In the midst of a budget crisis, will financial aid be the first to go? by Saif Choudhury
During the week, Zumana Miyfa, a junior at the City College of New York, is busy managing her 17-credit schedule – full of pre-med classes like organic chemistry and microbiology. Over the weekends, however, Miyfa works part-time as a tutor to help pay for her college tuition. Despite all this hard work, if she relied on her salary alone, she would not have enough to pay for college.
“If it wasn’t for the grants and federal aid that I get, I wouldn’t be able to attend CCNY,” says Miyfa, a biology major. “Even though the tuition for a semester isn’t that much, I still don’t have the time to work enough to cover those expenses. The money I get through TAP and FAFSA makes all the difference in the world between getting a college education and not.”
Miyfa is part of the 75% of CCNY undergraduate students who receive financial aid. In fact, 42% of all students on campus receive enough to cover their entire tuition, according to the most recent financial aid data released regarding student demographics. As a result, if City College’s much-discussed budget cuts take a bite out of financial aid, approximately three quarters of students would be hit hard.
This sense of panic comes from actual cases occurring throughout the country. When money gets tight, financial aid to students often gets cut. In Chicago, due to a standoff between the governor and other government leaders, many students are no longer receiving financial aid, grants, or scholarships. This is part of a growing trend, as 19 states reduced the amount of financial aid awarded to students between 2008 and 2013, even though the percentage of national college students receiving financial aid has increased at a slow pace over the past several years (see graph).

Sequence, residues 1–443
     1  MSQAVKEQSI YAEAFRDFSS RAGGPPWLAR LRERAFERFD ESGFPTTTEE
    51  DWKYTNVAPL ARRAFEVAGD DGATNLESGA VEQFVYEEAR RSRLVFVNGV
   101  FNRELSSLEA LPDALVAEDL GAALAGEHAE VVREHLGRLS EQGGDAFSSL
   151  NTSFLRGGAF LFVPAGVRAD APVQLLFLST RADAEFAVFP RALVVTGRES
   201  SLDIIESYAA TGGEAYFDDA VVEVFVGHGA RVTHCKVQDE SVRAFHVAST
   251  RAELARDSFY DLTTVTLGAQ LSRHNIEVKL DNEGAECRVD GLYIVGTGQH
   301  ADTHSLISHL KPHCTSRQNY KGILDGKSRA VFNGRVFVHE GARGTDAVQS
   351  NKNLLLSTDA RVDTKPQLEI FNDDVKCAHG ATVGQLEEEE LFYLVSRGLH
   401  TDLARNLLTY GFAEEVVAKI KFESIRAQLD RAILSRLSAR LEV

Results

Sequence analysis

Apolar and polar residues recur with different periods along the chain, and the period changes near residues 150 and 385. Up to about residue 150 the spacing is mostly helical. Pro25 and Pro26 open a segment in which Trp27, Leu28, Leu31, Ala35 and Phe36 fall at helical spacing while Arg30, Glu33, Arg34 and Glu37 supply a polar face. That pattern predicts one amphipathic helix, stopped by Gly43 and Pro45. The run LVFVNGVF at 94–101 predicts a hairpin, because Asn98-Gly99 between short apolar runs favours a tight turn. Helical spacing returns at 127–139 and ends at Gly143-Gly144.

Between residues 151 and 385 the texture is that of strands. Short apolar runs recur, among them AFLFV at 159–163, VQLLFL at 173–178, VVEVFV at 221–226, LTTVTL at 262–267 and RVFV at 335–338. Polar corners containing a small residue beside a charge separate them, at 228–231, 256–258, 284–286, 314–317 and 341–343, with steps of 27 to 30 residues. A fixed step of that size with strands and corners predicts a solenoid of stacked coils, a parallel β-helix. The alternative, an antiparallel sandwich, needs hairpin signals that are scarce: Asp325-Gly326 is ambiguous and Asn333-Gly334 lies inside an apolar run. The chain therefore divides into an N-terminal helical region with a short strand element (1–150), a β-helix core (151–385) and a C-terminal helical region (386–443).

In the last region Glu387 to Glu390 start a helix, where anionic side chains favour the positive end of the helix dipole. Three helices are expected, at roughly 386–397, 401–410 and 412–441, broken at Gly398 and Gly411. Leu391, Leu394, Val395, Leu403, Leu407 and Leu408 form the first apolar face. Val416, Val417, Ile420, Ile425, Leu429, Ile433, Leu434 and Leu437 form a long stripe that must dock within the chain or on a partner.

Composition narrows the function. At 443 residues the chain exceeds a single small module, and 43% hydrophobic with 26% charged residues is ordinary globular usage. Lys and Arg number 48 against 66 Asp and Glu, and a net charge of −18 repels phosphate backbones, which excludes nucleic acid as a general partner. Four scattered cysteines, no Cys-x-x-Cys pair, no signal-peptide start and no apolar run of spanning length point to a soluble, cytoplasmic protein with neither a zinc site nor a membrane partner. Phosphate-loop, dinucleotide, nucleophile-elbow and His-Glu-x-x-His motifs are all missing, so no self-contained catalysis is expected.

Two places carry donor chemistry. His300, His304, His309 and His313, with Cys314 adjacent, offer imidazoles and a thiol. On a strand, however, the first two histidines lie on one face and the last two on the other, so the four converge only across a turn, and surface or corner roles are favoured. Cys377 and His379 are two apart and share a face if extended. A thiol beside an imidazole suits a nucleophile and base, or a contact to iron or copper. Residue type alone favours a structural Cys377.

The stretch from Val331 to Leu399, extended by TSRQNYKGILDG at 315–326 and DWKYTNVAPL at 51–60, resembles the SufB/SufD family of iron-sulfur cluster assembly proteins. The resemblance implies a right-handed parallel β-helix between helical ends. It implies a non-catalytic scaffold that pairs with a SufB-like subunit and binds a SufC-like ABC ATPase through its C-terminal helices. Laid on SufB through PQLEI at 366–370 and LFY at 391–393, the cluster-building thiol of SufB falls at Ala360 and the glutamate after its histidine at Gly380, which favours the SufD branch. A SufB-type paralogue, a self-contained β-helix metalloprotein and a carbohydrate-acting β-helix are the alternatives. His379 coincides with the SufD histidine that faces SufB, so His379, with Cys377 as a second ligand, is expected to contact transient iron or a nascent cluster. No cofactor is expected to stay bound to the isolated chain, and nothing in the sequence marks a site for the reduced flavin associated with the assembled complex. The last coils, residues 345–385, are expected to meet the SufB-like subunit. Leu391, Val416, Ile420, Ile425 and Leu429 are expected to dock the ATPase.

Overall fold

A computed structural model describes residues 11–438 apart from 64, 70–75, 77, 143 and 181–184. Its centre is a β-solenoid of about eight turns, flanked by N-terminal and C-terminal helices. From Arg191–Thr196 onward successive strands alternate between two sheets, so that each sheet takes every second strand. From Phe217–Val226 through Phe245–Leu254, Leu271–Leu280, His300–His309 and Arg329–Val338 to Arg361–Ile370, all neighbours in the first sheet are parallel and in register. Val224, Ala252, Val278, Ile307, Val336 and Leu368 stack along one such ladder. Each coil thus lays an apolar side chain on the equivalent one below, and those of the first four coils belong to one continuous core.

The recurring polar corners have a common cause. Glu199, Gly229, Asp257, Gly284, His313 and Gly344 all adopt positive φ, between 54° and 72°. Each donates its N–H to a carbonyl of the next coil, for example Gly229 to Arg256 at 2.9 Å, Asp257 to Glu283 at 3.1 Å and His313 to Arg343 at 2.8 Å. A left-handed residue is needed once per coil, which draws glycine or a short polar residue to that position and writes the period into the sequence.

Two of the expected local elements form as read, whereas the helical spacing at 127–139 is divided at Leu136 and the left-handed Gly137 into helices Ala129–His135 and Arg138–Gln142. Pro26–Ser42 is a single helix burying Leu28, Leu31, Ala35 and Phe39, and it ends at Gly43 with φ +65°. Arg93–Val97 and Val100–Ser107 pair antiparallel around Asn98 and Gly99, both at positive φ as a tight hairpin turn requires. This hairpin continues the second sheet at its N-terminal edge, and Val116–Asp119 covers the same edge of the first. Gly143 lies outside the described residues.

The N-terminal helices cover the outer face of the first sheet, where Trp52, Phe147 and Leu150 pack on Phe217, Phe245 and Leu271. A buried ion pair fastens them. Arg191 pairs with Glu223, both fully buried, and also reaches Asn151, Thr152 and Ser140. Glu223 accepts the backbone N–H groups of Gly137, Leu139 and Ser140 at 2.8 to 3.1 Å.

So the question arises: is New York next?
Bryan Ramo, a worker in the Willie Administration Building, explains how CCNY would be affected if New York cuts financial aid to students. “$6,000 in tuition is not a lot,” says Ramo, who is also a senior at CCNY. “But we are talking about students who don’t make a lot to begin with. If they lost financial assistance, well then you’d see a whole lot more students on campus who have jobs. Which may not be that great because I myself have two jobs yet I make less than $30,000 a year.”
The national trend comes at a time when it seems like CCNY might have to raise the tuition for its students. According to a statistical analysis of the 2016 fiscal year, the college will experience a [be careful to get your #s correct] a $14.6 million shortfall. As a result, raising tuition may be the only way to keep CCNY financially afloat.
Neither New York State nor the federal government has released any statements regarding the cutting of financial aid for New York colleges and their students. But Donald Trump has spoken up: If he becomes president, his cuts to government spending would come from the Department of Education. “You could cut that way, way, way, down,” he has stated.”
At CCNY, it’s safe to say that no one agrees with Trump. John Biswas, a junior, believes that cuts to financial aid would devastate our students. “In helping us pay for college, the government is ensuring the future of the nation,” says Biswas, a theater major. “But if they want to cut it and take away our education, well then they are ruining this country’s hope and prosperity. It takes money to